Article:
OPEN Government Data Act poised to pass Congress as part of NDAA

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On Monday, the United States Senate quietly passed the OPEN Government Data Act as part of the 2018 National Defense Authorization Act. As the Data Coalition highlighted, the text of  S.760, the Open, Public, Electronic and Necessary (OPEN) Government Data Act, was one of several amendments to the NDAA that moved. The public can view the final bill text on page 1013 of the Congressional Record online.

Unless something unusual happens, we expect the bill to survive conference committee with the House and go on to the pen of the president. Should that happen, passage of open government data as the default public information disclosure of the United States of America will be the culmination of many years of work by Sunlight and our allies.

“Public data must be public, and it’s the government’s job to make sure that it’s online, easy to find, and easy to use,” said Senator Brian Schatz, ranking Member of the Commerce Subcommittee on Communications, Technology, Innovation and the Internet, in a statement. “In today’s ever-changing digital world, data should be available to anyone who wants to learn from it and improve the world.”

“For more than a year, I’ve worked with Senator Schatz to drag Washington into the 21st century when it comes to data,” said Senator Ben Sasse, in a statement. “Our OPEN Government Data Act is simple: government data should be made public unless an administration can make a compelling reason to keep it under wraps. This legislation passed the Senate last Congress and, with last night’s passage, I’m glad to carry the momentum forward.”

In governments of, by and for the people, public spaces, buildings and infrastructure belong to the public, maintained and protected on our behalf by civil servants and public officials entrusted with its stewardship.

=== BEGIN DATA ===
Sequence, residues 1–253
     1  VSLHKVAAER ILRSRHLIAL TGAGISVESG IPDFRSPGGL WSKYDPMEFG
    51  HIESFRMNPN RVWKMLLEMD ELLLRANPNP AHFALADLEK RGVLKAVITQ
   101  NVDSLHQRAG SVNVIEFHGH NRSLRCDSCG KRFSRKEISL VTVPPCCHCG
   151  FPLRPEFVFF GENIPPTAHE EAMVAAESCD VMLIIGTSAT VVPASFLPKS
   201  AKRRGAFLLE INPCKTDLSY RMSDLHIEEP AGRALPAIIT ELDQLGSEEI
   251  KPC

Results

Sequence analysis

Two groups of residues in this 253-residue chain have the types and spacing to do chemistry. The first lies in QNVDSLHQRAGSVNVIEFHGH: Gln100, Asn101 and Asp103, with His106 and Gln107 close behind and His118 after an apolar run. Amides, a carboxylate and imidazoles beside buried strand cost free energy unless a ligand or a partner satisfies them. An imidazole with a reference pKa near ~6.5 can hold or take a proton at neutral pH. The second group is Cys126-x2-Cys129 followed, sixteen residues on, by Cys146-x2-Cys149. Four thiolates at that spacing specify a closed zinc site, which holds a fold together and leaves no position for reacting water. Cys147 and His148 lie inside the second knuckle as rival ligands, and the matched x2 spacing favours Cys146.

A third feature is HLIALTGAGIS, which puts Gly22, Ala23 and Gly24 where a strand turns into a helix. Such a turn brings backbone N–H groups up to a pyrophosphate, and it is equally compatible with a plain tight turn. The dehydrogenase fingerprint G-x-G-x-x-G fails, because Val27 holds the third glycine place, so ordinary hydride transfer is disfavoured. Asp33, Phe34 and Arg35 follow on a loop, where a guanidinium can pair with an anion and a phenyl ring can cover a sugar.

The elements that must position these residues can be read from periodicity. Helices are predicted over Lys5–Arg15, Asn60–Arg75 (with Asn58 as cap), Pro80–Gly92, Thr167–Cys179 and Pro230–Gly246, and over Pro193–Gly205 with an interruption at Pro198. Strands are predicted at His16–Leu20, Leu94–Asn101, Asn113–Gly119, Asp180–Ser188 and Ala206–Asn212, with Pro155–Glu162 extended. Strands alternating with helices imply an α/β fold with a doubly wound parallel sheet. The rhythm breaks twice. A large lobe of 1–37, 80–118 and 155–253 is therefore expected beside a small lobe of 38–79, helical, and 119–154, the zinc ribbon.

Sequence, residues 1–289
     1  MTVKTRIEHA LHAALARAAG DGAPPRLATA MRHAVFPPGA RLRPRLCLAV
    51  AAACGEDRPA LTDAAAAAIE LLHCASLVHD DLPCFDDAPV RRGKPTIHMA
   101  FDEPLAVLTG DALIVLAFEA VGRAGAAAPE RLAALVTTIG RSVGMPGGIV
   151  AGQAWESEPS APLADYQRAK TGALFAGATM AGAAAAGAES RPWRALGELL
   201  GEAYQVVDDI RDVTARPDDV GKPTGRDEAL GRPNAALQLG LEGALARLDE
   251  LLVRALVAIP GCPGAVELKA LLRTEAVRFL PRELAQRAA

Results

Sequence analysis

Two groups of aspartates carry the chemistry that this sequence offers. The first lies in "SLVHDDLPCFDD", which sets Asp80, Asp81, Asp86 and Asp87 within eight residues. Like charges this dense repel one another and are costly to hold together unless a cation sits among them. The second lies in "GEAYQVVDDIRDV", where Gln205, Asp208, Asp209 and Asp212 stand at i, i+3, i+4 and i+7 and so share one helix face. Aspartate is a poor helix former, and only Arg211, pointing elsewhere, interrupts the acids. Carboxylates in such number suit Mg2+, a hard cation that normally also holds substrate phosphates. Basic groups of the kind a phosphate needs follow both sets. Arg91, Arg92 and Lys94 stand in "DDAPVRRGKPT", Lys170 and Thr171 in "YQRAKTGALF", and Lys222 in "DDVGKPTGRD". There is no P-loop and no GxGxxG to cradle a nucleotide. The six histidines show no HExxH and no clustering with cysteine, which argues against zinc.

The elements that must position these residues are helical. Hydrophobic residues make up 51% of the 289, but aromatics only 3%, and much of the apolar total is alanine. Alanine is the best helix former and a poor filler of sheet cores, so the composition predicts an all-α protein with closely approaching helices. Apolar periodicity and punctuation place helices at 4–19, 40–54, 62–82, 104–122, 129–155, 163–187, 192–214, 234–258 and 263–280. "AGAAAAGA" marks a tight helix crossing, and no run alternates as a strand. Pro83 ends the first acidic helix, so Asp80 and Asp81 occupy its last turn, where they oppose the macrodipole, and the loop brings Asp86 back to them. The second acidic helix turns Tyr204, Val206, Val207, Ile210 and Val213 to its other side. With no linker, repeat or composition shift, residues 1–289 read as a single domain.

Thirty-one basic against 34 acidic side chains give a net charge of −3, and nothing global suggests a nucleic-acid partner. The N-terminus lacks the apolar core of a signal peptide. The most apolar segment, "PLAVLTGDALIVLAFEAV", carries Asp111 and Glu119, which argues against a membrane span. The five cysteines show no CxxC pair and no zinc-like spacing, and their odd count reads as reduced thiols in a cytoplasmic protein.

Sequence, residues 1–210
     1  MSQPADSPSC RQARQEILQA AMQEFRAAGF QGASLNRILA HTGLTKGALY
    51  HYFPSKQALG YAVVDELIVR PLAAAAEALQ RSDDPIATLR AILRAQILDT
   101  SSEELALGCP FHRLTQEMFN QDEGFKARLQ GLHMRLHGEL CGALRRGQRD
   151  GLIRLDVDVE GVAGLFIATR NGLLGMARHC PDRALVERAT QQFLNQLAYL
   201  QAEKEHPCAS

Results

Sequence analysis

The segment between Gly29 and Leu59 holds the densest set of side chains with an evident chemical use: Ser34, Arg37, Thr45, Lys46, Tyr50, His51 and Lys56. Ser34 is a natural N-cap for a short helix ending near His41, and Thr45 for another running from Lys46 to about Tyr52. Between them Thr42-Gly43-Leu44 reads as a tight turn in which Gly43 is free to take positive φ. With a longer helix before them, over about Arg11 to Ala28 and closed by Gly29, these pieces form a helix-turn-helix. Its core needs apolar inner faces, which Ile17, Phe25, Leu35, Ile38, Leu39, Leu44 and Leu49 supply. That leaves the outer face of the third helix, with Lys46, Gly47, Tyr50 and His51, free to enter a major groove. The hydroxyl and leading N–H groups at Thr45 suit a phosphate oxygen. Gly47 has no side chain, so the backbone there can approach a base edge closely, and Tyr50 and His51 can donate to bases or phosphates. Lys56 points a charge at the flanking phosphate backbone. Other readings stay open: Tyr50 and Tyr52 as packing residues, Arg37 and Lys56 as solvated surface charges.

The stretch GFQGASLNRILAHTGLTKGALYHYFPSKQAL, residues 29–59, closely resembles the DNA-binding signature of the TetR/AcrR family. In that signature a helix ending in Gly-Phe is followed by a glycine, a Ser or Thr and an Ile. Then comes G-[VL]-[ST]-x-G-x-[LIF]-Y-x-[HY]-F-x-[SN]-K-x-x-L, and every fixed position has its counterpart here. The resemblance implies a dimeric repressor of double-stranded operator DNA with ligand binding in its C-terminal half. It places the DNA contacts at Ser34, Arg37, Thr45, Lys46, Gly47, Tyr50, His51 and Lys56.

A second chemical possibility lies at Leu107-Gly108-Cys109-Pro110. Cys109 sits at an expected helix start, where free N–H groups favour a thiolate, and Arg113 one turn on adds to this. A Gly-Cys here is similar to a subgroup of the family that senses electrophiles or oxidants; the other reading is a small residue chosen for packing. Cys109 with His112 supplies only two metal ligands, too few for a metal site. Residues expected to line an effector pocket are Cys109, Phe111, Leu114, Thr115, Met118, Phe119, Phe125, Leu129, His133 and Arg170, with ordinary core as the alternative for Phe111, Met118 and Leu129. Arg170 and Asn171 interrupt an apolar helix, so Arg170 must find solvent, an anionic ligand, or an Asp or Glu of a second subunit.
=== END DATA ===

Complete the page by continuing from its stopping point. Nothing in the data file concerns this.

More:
This is also true of public knowledge, collected and archived in our great public institutions, from universities to libraries to research laboratories. For most of the history of the United States, that knowledge — and its precursors, raw data, structured data and information — has been locked up in paper forms, left buried in file cabinets, and unorganized in servers, tapes, or even underground caverns. In the 21st century, we can and should expect more of our public institutions, providing them with the legal and technical resources to increase the capacity of governments to know themselves, inform the public about the public’s business, and make public information as useful as possible to the people it should serve.

Many thanks to Senators Sasse and Schatz, and Represenatives Derek Killmer and Blake Fahrenthold, who sponsored the House version, for championing open government data.

“We are pushing to the finish line our bill that finally puts public government data in an accessible, easy to find place,” said Rep. Killmer, in a statement. “Making open data standard practice will help innovators create breakthroughs that grow jobs in private industry, improve efficiency in government, and create more transparency for the American public.”

We’re proud that Sunlighters helped draft the original OPEN Government Data Act, and hope that this progress will lift the hearts of advocates clouded by a long year of regression on federal transparency.

This is good news, as Hudson Hollister, executive director of the Data Coalition, highlighted:

“The OPEN Government Data Act is a comprehensive open data mandate that establishes open and machine-readable data as the benchmark for all federal agency information management,” he said, in a statement.

“This bill will push the whole federal government to modernize, across all its information operations, and it will reinforce the mandate of the DATA Act of 2014 to transform spending information into open data. We applaud Senators Sasse and Schatz for their steadfast bipartisanship leadership.”

No single law will magically unlock all of that knowledge for the benefit of the public nor address the threats to democratic norms in Washington, but passage of the OPEN Government Data Act will enact lock of the core principles and approaches to opening government to the people using the power of the Internet that Sunlight has advocated for since our founding over a decade ago.

Should the bill pass into law, as expected, we look forward to overseeing its implementation and realizing the full promise of its potential for improving the state of our union and the lives of its people.

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